Event details here.
To celebrate International Women’s Day, we’ll be joined by five exceptional feminist writers, for a discussion on how teen books are challenging sexism in schools. Laura Bates, Holly Bourne, Laura Steven and Laura Coryton will be discussing empowering young people to fight for equality with Katherine Webber, touching on everything from slut-shaming to misogyny, activism and revenge porn.
Laura Bates is the founder of the Everyday Sexism Project, and writes regularly for the Guardian, New York Times, amongst others, and won a British Press Award in 2015. She is the author of Everyday Sexism, Misogynation and the Sunday Times bestseller Girl Up. The Burningis her debut novel, telling the parallel stories of fifteen year old Anna, who is mercilessly bullied when a topless photo of her is shared around school, and Maggie, who was accused of witchcraft hundreds of years before.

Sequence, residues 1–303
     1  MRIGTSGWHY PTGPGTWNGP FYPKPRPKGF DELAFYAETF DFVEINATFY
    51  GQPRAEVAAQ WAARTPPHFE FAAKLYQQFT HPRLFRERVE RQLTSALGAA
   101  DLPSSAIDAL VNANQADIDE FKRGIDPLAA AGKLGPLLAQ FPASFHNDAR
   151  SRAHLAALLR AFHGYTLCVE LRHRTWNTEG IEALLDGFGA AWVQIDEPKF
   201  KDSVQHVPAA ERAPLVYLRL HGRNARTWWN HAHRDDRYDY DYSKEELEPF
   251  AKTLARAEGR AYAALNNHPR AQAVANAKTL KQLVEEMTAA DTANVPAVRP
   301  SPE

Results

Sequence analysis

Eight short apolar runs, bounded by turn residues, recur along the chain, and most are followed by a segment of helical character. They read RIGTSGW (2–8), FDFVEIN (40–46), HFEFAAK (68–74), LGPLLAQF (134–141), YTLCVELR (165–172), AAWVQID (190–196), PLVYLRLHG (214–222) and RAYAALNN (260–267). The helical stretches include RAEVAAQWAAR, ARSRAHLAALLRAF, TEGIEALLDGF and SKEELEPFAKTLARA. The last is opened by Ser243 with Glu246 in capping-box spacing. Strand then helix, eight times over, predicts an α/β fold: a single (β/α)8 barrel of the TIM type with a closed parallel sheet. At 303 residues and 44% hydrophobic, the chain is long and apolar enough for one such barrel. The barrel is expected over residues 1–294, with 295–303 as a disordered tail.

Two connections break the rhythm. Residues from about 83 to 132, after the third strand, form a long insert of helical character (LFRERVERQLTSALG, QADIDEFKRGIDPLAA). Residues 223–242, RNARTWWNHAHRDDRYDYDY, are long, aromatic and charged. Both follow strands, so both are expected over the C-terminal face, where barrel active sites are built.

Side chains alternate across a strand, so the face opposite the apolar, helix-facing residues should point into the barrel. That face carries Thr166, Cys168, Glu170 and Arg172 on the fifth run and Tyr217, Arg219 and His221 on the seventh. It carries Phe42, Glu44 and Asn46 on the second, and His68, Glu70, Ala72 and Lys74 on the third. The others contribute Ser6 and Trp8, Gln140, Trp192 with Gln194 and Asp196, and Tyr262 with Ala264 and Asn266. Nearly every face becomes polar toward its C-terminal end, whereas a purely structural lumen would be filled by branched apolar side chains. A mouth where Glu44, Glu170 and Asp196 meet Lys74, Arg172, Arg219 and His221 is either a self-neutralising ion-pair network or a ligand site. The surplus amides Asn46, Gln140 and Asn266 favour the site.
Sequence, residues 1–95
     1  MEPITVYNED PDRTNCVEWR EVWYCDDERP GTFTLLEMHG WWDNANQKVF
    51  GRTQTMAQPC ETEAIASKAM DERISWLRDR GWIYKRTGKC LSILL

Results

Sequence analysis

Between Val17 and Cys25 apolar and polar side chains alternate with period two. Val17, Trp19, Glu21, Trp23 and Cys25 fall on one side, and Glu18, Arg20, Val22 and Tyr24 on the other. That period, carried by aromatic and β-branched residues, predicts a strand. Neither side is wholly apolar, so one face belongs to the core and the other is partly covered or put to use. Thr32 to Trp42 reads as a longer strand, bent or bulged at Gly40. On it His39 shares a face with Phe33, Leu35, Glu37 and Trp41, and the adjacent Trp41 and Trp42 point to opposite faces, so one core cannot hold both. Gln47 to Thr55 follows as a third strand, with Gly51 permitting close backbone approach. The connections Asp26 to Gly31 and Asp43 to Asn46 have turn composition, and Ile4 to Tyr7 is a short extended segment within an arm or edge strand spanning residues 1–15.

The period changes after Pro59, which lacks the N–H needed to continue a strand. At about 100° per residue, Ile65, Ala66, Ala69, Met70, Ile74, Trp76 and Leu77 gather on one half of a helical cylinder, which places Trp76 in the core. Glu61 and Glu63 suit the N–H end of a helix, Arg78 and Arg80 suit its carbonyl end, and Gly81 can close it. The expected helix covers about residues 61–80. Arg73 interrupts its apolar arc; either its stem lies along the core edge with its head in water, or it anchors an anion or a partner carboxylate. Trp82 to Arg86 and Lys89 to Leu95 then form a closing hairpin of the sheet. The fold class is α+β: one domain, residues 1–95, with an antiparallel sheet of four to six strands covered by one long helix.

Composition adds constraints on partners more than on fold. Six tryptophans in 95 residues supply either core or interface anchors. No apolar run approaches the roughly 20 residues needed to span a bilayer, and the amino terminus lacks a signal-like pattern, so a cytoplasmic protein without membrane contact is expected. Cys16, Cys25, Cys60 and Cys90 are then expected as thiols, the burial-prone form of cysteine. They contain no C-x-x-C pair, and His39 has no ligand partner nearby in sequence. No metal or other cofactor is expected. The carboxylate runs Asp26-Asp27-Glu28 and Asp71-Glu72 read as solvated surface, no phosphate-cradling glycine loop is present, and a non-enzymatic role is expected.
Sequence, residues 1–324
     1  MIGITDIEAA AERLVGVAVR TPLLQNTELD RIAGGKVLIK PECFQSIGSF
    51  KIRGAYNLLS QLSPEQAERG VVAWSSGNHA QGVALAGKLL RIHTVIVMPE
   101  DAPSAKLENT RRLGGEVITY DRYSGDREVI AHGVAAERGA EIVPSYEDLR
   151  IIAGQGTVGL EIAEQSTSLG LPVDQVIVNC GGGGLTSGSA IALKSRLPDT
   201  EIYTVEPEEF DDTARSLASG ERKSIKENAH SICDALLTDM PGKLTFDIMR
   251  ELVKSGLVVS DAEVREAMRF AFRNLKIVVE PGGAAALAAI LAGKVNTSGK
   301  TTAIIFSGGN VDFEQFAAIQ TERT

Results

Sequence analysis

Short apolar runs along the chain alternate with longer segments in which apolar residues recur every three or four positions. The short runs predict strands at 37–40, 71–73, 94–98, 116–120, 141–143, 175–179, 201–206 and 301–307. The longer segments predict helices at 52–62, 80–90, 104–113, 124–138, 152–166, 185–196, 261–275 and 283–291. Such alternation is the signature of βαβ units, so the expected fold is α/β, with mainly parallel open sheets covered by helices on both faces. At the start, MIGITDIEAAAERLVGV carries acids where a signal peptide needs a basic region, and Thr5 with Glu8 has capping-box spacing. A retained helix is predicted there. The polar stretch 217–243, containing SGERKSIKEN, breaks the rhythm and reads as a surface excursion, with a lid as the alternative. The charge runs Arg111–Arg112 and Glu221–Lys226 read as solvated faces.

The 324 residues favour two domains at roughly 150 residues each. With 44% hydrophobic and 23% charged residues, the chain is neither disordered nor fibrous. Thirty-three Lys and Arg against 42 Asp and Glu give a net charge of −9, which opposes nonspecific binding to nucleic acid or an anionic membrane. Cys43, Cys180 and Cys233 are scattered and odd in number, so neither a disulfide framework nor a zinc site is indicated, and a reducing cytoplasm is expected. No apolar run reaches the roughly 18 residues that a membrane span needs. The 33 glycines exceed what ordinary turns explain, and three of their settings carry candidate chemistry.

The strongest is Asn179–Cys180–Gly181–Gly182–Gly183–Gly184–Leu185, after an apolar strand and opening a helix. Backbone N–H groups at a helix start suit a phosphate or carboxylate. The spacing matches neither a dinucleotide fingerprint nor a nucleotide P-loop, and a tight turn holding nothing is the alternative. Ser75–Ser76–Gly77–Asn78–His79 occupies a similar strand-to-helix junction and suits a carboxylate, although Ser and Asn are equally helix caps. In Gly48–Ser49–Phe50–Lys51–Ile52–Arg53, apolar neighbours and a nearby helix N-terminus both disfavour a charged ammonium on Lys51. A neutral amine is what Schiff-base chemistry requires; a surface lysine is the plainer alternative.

Holly Bourne is the author of many highly acclaimed YA novels, perhaps best known for her critically acclaimed Spinster Club series, following three girls who set up a grassroots feminist group. Her latest novel, Are We All Lemmings and Snowflakes?, is a trailblazing and painfully honest novel about mental health and friendship, and is nominated for this year’s CILIP Carnegie Medal.
Laura Steven is an author, journalist and screenwriter. Her debut YA novel, The Exact Opposite of Okay, is about slut-shaming and the Friend Zone. The sequel, A Girl Called Shameless, is released 7th March. It focuses on revenge porn and is just as “funny, unapologetic and shameless in the best possible way”.
Laura Coryton is the author of non-fiction book and campaign guide Speak Up! A British campaigner and feminist activist, she is the founder of Stop Taxing periods, a campaign which seeks to abolish the Tampon Tax in the United Kingdom and make menstrual products exempt from VAT. In 2016, she was named one of the Observer’s and Nesta’s New Radicals.